During the June 17 incident, Chinese defense officials said two Japanese Air Self Defense Force (JASDF) Mitsubishi F-15J Eagles intercepted two Chinese Sukhoi Su-30 fighters over the East China Sea in the Beijing declared Air Defense Identification Zone near the Japanese-controlled Senkaku Islands.
“The Japanese fighter jets approached and warned the Chinese military aircraft, while the Chinese military aircraft did not leave. During the flight, the Japanese fighter jets came face to face with the Chinese military aircraft for many times. To avoid risks, the Japanese fighter jets released infrared jamming shells and then flew out of that airspace,” according to a Monday report by China Military Online quoting Ministry of National Defense officials.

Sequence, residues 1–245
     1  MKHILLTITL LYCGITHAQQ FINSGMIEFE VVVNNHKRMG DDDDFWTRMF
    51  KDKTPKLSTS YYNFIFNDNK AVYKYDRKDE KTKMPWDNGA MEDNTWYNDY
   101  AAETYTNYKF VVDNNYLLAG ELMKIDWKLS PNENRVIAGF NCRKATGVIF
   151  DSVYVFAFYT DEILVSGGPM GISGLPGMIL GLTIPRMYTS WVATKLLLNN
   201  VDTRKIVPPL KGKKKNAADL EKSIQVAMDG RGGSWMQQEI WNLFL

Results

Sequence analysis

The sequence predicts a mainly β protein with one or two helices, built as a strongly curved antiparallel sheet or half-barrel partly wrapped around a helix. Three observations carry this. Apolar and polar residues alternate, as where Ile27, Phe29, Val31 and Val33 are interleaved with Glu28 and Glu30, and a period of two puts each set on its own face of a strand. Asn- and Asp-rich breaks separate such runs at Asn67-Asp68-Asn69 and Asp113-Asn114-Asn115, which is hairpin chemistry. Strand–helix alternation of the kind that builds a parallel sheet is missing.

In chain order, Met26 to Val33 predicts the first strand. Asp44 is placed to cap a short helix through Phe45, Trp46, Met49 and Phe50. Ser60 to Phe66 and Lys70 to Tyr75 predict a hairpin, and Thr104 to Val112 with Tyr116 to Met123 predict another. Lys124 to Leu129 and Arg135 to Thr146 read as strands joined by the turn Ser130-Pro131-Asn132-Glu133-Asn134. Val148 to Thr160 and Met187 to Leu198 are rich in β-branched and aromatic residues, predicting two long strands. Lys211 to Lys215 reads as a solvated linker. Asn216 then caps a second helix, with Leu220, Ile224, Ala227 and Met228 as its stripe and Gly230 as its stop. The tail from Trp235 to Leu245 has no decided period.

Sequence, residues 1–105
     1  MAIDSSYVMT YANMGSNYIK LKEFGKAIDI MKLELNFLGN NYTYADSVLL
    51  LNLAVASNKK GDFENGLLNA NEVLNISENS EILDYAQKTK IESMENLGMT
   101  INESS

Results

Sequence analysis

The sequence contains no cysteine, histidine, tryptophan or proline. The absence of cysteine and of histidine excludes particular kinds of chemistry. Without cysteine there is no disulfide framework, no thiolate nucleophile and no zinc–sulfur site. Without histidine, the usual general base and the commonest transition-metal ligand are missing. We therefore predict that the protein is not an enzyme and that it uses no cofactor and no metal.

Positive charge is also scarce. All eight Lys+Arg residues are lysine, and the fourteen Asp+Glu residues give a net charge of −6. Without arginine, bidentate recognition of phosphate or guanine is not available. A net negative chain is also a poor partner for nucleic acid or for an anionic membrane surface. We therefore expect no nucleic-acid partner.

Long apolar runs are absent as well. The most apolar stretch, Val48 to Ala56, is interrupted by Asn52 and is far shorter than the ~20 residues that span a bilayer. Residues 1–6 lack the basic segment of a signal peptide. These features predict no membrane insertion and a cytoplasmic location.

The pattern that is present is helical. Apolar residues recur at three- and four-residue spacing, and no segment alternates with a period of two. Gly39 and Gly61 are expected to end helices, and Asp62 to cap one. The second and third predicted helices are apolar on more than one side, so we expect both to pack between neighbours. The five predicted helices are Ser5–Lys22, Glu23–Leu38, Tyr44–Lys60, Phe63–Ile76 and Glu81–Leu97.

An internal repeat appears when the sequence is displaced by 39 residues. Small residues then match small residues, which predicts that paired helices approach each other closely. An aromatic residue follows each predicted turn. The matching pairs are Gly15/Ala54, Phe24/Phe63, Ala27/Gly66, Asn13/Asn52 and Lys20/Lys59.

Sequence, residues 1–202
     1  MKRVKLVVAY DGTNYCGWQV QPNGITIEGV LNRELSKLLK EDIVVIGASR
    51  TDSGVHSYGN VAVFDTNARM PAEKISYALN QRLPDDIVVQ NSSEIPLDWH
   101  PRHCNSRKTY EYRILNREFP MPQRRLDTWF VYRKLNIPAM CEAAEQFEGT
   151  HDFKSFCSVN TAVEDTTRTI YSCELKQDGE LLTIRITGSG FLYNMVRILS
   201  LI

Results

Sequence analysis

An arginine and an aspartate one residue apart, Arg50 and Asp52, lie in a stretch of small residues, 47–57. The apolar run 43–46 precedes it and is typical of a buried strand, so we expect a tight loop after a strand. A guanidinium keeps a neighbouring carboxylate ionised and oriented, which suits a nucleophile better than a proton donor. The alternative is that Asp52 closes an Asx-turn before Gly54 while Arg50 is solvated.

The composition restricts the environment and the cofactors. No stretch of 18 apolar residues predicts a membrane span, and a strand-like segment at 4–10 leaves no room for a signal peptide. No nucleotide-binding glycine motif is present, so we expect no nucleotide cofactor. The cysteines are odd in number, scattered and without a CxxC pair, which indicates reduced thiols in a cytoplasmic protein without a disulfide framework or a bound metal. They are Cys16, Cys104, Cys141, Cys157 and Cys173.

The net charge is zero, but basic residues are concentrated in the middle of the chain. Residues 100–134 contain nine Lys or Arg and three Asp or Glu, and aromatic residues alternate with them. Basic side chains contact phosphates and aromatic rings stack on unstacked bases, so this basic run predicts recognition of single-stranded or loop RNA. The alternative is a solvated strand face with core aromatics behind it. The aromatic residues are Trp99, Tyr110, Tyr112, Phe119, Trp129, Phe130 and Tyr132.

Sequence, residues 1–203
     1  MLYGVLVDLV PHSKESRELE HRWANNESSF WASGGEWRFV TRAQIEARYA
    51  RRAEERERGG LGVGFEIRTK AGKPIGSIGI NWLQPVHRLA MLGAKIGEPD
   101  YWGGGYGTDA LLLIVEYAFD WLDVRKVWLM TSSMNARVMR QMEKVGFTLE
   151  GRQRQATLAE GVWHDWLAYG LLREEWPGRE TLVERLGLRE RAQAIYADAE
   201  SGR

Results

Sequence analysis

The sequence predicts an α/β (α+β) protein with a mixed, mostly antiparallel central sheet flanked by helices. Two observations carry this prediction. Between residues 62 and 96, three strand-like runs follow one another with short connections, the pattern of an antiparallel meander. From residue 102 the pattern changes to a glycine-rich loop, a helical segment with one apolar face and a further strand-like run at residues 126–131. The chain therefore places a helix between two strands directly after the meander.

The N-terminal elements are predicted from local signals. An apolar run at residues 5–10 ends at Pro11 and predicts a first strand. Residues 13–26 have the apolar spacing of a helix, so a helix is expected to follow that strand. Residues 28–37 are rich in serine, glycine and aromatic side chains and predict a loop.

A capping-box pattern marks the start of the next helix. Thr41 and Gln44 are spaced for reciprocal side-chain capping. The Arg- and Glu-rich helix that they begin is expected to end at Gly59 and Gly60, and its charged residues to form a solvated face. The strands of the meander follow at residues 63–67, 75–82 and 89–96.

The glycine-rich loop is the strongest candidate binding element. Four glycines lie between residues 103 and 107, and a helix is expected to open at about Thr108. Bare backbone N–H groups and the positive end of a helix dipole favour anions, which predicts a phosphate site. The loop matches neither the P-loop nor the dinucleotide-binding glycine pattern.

“They even used fire-control radars to lock on the Chinese fighter jet.
The statement went on to say, “the provocative actions by the Japanese jets could easily trigger an air accident and harm the safety of both crews, and jeopardize regional peace and stability.”
Locking onto another fighter with fire control radar is one of the most provocative actions an adversary can take short of firing weapons. Japan denied the claims.